Mexicans love food, especially their own. Visit Mexico and you will soon get a sense of how important food is in their lives: ask where to find, say, the best carnitas (braised pork) in Mexico City, or the best mole (a type of chilli sauce) in Oaxaca, and you’re up for a passionate, lengthy and well-informed debate. (However, if you ask who the best cook they know is, they all will be in agreement: mi madre – ‘my mother’.)
Read on for a brief (but mouth-watering) introduction to Mexican cuisine from the latest edition of Lonely Planet’s Mexico guide book.
Mexican cuisine has little to do with what’s served in Mexican restaurants outside the country. For many visitors their first experience with real Mexican food is a surprise – there are no big hats, no flavoured margaritas or cheese nachos on the menu. Authentic Mexican food is fresh, simple and, frequently, locally grown – and most likely, somebody’s mother will be running the kitchen.
Mexican menus vary by region, but in most cases you can find food made with a few staples: corn, an array of dry and fresh chillies, and beans.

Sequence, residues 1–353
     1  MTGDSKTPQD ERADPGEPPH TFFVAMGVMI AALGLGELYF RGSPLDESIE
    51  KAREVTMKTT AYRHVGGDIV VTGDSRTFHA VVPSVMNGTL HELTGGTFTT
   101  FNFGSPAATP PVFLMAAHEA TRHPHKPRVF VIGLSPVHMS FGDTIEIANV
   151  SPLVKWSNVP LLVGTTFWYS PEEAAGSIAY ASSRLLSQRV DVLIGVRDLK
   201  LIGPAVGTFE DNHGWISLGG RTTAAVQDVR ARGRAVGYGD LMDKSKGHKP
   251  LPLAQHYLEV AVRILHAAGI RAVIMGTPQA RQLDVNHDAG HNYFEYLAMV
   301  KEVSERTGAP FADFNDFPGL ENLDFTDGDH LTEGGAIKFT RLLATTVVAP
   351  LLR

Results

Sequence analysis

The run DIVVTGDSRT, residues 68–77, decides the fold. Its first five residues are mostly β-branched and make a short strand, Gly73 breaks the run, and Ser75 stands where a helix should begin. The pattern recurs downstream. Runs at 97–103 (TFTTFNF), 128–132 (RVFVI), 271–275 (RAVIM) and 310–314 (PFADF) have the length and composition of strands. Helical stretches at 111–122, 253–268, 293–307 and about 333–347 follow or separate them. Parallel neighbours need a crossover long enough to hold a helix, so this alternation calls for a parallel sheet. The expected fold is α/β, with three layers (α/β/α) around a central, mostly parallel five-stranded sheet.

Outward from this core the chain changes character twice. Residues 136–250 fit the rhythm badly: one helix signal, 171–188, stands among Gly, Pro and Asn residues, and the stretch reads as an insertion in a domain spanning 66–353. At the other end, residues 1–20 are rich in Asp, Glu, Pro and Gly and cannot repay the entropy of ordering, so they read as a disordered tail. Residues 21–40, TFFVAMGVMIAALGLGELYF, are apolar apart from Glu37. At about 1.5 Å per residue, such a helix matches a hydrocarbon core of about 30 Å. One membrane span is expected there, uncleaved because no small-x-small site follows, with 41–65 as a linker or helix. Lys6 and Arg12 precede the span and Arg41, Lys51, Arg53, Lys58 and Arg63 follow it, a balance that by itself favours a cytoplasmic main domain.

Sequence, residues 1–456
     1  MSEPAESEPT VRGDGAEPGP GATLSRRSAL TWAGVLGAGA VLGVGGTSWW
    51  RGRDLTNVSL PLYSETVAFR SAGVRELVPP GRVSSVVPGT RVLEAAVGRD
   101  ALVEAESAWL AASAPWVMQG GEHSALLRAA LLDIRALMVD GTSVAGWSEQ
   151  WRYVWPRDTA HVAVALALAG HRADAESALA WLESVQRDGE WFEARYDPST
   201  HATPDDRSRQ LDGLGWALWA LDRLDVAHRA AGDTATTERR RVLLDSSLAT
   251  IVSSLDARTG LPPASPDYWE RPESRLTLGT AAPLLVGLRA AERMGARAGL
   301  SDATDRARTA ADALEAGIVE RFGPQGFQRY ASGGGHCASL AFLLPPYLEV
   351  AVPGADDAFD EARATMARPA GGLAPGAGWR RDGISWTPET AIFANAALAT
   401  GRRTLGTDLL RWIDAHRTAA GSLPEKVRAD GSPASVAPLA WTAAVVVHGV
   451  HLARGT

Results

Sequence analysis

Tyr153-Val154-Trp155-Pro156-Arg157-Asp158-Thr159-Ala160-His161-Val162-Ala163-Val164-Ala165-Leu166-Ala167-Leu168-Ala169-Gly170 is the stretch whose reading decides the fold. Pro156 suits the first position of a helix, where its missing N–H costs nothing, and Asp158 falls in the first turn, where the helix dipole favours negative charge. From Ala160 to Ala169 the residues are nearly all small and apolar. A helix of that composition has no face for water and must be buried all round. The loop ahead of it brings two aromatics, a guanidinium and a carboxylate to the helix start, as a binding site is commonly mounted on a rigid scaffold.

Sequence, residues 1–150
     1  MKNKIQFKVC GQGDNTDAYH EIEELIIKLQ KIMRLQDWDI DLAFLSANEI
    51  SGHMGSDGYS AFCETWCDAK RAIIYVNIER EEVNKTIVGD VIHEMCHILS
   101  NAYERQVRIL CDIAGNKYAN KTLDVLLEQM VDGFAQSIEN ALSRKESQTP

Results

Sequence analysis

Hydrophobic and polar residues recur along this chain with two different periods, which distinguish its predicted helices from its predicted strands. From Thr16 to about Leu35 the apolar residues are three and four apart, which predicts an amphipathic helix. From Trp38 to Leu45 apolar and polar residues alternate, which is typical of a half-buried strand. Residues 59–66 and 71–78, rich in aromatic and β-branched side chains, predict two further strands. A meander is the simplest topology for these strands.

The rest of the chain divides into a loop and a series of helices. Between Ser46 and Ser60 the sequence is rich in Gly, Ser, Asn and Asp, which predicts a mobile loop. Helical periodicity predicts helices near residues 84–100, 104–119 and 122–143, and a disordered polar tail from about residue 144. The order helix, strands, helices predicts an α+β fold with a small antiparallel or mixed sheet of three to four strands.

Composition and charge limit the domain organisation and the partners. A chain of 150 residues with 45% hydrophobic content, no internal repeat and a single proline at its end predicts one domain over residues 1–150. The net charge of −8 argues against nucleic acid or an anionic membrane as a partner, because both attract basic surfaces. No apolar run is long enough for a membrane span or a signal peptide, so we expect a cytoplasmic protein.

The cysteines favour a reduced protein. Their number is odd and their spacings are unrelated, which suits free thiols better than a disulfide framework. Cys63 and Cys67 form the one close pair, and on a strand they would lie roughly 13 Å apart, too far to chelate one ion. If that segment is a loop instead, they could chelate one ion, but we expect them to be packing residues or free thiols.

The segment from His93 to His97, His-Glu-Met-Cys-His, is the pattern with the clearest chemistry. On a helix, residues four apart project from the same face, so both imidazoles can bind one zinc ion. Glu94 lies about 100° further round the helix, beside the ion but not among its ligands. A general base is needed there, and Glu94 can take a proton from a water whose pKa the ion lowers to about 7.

Contrary to popular belief, not all food in Mexico is spicy, at least not for the regular palate. Chillies are used as flavouring ingredients and to provide intensity in sauces, moles and pipiáns, and many appreciate their depth over their piquancy. But beware: many dishes do indeed have a kick, reaching daredevil levels in some cases. A good rule of thumb is that when chillies are cooked into dishes as sauces they tend to be on the mild side, but when they are prepared as salsas or relishes used as condiments, they can be really hot.
Other staples that give Mexican food its classic flavoring are spices like cinnamon, clove and cumin, and herbs such as thyme, oregano, and most importantly, cilantro (coriander) and epazote.
Epazote may be the unsung hero of Mexican cooking. This pungent-smelling herb (called pigweed or Jerusalem oak in the US) is used for flavouring beans, soups, stews and certain moles…
Read more: Lonely Planet